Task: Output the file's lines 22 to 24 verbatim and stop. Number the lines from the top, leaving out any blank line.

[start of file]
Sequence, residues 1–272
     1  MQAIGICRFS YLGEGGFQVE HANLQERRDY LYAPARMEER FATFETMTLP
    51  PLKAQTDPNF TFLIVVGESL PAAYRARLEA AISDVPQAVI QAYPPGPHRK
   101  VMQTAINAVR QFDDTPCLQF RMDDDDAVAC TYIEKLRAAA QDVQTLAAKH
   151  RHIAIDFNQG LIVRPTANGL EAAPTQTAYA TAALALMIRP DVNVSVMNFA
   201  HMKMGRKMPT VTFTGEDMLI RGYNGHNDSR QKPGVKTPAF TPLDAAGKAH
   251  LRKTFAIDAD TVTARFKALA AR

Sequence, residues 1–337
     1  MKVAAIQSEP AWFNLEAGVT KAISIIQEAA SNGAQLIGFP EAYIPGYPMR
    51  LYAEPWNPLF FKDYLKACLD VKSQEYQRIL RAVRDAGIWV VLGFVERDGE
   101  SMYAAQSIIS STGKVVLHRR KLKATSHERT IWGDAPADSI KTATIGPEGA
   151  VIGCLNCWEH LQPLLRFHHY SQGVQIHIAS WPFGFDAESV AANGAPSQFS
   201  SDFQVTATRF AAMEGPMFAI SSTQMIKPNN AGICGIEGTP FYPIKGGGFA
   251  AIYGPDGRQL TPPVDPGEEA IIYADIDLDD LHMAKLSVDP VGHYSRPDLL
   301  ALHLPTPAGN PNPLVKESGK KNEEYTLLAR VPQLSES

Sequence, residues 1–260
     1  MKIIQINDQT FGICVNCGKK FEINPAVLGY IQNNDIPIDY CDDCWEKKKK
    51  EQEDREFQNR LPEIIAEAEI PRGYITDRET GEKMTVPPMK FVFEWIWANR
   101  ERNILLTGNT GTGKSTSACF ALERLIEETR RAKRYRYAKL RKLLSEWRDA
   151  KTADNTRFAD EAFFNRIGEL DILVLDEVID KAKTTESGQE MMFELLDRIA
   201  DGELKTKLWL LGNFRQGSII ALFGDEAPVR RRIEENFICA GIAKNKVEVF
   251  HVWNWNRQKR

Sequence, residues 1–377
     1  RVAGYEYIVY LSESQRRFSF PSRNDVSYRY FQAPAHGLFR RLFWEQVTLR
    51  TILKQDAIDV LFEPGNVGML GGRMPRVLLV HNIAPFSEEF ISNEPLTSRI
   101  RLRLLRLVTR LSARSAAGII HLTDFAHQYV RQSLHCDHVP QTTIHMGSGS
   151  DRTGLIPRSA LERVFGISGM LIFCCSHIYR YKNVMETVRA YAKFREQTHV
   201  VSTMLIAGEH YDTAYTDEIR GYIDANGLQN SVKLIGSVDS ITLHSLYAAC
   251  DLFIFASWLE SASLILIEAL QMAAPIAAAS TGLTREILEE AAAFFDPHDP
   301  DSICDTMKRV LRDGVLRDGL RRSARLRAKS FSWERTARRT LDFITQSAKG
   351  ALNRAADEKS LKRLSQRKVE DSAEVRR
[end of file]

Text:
   251  HVWNWNRQKR

Sequence, residues 1–377
     1  RVAGYEYIVY LSESQRRFSF PSRNDVSYRY FQAPAHGLFR RLFWEQVTLR